According to comScore, more than 4 million people accessed the website of chatroulette in February 2016 alone. And that number is growing daily. But is chatroulette just the latest internet fad or a service that provides some value to its users?

Chatroulette History and Growth

The website was developed in November 2009 by a 17 year old Russian student, Andrey Ternovskiy who wanted to chat with interesting people using Skype-like video and audio. He coded chatroulette in 2 days and within a month the site had a few hundred visitors without any marketing whatsoever. By January 2010 it had 944,000 visitors and in February 2010, just 3 months after its launch, it drew in 3.9 million unique visitors. Today approximately 500,000 people access the site on a daily basis. These numbers put chatroulette firmly on the map of the latest trend to strike the internet.

Chatroulette Playing Interface

Chatroulette’s user interface is simple, even sparse. Visitors who access chatroulette don’t require a login or any other kind of verification. Once they’re on the site, the service prompts them to enable their webcam. Once their webcam is enabled, the user is able to see other users of the service in a completely random order. If the user doesn’t like what is being shown on their partner’s web stream, they simply click “Next” and move on to another chat partner. This phenomenon is called “being nexted”.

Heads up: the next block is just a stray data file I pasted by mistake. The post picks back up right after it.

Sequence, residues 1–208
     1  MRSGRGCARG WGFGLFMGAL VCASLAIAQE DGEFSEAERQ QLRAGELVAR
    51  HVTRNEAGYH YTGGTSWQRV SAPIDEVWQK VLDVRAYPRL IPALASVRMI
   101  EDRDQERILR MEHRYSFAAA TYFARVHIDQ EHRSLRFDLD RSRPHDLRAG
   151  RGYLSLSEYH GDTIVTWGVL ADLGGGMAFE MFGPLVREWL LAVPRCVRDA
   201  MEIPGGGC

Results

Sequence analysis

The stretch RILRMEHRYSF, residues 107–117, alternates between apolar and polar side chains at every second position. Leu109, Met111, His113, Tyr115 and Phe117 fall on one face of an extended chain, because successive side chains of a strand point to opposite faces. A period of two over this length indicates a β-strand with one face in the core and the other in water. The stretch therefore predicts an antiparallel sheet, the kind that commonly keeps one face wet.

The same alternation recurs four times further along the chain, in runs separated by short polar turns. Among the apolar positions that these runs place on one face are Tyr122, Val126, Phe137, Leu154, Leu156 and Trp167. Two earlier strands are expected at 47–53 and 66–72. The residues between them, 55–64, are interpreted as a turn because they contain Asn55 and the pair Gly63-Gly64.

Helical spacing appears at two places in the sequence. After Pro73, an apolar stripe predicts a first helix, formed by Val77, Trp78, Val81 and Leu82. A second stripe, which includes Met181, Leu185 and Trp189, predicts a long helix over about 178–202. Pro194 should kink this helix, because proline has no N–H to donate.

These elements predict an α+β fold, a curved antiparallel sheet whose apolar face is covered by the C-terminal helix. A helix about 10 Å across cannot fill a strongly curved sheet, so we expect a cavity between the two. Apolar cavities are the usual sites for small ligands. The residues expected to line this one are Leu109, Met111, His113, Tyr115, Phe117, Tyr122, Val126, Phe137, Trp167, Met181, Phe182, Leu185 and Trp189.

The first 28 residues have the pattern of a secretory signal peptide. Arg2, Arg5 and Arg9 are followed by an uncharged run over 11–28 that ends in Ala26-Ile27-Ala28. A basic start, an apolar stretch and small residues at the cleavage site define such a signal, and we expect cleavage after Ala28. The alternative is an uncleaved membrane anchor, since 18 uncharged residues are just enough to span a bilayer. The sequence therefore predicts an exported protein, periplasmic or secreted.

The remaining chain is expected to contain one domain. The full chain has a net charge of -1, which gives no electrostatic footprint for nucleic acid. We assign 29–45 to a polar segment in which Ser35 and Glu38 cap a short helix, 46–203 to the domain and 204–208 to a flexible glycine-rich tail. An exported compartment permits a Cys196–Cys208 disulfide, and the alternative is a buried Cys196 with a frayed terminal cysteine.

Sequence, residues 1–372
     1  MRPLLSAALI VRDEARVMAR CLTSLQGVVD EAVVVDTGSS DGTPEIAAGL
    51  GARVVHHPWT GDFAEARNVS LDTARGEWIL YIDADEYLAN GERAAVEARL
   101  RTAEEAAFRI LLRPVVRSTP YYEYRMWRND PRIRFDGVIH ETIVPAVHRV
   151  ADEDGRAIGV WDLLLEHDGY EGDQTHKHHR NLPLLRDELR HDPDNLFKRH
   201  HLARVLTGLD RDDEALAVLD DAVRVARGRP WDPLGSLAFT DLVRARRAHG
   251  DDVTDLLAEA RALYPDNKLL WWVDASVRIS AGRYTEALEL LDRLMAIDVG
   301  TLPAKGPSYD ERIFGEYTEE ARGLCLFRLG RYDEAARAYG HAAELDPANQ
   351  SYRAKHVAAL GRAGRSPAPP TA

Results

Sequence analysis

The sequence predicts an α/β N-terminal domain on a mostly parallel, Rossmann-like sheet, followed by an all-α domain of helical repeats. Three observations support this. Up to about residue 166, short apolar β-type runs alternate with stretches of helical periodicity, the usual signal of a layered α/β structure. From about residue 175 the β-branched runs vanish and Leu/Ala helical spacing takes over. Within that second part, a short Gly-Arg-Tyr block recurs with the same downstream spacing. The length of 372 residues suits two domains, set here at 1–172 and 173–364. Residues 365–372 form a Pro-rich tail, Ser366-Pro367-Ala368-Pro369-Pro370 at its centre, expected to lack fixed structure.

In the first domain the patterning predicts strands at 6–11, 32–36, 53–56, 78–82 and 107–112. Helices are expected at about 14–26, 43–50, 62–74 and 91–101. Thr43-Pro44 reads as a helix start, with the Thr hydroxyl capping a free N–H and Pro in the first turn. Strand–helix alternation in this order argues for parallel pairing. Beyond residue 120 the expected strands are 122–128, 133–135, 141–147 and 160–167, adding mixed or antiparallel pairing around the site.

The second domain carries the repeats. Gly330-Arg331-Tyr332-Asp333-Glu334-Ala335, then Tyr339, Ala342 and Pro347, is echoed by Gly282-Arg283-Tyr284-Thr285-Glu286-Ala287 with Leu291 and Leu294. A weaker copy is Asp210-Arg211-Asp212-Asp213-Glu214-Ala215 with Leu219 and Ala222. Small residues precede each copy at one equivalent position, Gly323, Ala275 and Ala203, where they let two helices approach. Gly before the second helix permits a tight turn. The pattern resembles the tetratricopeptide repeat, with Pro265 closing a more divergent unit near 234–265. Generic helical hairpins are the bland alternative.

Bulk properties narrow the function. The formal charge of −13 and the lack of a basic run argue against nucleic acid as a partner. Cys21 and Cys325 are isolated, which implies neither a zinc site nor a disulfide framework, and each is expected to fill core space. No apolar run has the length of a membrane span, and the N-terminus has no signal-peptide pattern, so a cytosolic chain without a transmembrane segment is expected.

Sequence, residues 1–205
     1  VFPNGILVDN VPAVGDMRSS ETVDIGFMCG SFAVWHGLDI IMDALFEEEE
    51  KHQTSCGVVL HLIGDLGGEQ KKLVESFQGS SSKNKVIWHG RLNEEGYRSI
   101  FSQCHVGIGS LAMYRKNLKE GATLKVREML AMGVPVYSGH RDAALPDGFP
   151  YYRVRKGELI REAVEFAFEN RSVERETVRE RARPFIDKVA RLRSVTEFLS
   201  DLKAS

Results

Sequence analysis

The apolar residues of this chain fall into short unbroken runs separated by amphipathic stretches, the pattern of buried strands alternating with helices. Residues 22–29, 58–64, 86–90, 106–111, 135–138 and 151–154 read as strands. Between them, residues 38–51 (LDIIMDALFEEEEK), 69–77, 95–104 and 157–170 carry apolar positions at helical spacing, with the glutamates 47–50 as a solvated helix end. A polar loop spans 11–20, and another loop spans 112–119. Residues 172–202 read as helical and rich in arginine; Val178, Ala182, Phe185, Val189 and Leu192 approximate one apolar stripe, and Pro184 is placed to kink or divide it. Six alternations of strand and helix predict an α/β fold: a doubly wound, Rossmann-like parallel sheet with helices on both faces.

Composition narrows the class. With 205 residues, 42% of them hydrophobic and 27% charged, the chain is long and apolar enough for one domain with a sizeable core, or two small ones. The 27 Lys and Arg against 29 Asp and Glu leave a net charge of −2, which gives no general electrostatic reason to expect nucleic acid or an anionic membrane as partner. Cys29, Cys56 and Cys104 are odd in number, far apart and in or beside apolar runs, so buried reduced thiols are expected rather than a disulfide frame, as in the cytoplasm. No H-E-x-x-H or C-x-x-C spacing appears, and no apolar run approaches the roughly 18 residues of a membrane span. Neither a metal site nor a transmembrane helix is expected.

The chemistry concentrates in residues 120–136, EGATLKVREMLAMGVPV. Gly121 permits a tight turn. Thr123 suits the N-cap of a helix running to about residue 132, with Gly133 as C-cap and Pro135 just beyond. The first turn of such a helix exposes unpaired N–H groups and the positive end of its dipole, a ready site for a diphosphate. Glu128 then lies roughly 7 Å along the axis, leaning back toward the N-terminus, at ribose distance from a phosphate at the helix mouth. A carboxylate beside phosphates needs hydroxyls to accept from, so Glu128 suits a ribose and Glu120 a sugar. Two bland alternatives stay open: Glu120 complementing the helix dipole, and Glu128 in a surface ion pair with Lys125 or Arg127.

Chatroulette’s Addictiveness

The lure of chatroulette is the same as the lure of gambling – to see what the next roll of dice will bring, or in chatroulette’s case, who it will bring. Part of chatroulette’s attraction is to see who else is using the site and what they’re doing. Participants often try to outdo each other in an attempt to see who can be the most entertaining personality on the Web and avoid getting “nexted” the longest. Another lure is the chance to peek into a complete stranger’s life and see what happens. The thrill of the unknown and the unpredictable are a huge factor in chatroulette’s success and addictiveness.

Chatroulette Demographics

Chatroulette has been criticized as being a haven for perverts and depraved people due to its incentive for voyeurism. One study describes the chatroulette demographic as 89% male, 9% female, and 13% perverts. Parents should be advised that if their child is using chatroulette they have a good chance of coming across inappropriate content.